|Once again, K. J. Parker has produced a fantasy novel in
which there is neither magic, paranormal activity nor non-humans. We are thrust into the
world of a young man, Gignomai metOc but better known as Gig, the youngest son of
the exiled metOc family. They are the stick with which The Company keep their colony
line. The family was exiled before any of the current generation was born for backing the
wrong political faction. The father holds to the conceit they will return and regain their
positions and wealth. Gig sees the situation for what it is: they are one step above the
peasants surrounding them by virtue of having a monopoly of firearms.
Gig's position as
third son sees him destined for law of the priesthood, and he absconds to live in the
colony. Initially he seems bent on selling a precious heirloom, but he has missed the last
boat of the season. So he enters into trade and sets up a hammer mill, using knowledge
gleaned from books and sets about organising a revolution to free the colony from the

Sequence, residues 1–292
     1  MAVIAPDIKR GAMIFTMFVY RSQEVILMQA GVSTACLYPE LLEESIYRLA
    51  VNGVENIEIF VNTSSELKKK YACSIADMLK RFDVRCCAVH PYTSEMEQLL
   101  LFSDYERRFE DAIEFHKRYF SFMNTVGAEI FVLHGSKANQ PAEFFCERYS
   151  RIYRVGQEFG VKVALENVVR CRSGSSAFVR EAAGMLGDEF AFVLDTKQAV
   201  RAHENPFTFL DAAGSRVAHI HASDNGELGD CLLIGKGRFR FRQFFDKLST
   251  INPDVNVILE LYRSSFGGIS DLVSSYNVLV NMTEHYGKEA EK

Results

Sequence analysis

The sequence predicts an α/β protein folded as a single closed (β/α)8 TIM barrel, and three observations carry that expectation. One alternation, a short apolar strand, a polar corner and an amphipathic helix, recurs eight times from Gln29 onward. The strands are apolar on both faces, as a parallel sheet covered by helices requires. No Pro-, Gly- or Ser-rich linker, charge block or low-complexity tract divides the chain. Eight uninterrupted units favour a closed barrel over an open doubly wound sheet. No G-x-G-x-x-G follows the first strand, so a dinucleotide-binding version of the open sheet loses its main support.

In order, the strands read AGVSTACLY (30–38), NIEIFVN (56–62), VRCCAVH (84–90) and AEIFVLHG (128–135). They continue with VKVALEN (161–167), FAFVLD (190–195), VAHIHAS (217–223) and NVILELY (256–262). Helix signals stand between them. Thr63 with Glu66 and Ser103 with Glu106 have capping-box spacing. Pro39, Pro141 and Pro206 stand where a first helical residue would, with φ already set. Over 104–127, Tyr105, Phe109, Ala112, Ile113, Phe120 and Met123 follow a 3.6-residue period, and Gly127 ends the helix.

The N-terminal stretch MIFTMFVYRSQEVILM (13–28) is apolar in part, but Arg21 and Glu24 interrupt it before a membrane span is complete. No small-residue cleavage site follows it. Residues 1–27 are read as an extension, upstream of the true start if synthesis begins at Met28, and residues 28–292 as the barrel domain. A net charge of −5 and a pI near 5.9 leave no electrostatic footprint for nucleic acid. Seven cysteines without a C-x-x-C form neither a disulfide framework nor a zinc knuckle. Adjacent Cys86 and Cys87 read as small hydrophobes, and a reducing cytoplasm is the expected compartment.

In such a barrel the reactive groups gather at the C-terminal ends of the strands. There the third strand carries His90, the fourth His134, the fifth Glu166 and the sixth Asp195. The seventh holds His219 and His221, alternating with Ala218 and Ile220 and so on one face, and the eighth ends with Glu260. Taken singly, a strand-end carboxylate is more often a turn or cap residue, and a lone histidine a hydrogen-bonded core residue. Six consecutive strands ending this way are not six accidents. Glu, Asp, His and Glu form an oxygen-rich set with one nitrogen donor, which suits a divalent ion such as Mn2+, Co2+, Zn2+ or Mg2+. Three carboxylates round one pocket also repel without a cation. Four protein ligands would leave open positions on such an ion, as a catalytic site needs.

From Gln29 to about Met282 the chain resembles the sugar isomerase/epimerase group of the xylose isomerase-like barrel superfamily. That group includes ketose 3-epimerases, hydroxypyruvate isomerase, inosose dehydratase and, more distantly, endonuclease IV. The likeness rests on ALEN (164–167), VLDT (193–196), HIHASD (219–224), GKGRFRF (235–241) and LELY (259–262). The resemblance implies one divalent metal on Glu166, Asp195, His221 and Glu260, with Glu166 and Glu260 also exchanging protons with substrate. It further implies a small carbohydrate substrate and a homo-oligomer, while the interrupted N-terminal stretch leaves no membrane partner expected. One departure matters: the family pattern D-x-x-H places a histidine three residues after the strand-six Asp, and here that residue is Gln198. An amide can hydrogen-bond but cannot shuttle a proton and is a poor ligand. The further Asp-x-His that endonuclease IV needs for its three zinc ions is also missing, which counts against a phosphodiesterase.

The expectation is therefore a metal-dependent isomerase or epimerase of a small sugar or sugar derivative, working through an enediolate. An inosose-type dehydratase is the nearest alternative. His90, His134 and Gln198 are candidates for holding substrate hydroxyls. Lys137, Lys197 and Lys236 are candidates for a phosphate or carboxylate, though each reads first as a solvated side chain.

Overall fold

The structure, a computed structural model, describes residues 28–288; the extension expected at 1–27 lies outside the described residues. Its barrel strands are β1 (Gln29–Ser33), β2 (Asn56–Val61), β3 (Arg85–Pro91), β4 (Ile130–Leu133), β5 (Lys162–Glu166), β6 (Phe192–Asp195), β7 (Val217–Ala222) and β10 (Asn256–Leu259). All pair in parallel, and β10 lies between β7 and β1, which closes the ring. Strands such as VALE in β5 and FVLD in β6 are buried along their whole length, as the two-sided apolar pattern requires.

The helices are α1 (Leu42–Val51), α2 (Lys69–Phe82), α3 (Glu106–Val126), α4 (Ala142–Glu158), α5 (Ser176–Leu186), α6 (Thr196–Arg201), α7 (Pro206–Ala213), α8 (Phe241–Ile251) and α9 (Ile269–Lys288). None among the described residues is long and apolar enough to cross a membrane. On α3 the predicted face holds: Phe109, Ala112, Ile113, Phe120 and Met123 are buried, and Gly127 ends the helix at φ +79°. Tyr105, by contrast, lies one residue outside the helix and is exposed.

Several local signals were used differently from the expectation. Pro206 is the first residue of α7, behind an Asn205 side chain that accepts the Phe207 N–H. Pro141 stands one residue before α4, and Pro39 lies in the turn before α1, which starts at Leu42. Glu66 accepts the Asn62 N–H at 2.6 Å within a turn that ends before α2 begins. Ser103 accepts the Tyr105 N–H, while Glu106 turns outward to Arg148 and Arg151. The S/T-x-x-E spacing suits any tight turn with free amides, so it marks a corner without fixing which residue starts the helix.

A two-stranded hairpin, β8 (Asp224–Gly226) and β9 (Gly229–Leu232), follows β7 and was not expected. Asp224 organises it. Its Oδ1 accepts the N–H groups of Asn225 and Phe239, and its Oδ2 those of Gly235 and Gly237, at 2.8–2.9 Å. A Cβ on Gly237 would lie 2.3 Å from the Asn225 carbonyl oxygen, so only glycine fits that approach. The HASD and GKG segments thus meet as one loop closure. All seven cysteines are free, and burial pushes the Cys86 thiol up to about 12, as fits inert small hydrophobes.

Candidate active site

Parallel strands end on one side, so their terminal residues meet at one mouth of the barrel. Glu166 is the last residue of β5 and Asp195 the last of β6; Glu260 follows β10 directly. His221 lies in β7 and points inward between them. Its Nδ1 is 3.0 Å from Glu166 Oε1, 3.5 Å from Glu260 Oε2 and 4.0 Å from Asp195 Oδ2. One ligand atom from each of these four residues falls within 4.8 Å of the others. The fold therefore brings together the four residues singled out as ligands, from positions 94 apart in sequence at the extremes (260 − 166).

tyranny of his own family and The Company.
The Hammer feels as though it is set in the same world as The
Folding Knife and The Engineer Trilogy, and the story
shows some of Parker's fascination with renaissance engineering and court politics. The
hero is definitely not superhuman and is motivated by revenge, the motive for which is
revealed late in the book. Parker has an easy style and her characters behave in
wonderfully human fashion. Perhaps my joy in reading her work is the plot turning on small
things, such as the size of a bullet recovered from a pigs skull. And while all the
action takes place in a small locale, there is a definite difference in the feeling evoked
by Gigs family life and that of his freedom, or personal exile.
I highly recommend this book and look forward to reading more of K. J. Parkers
work in the future.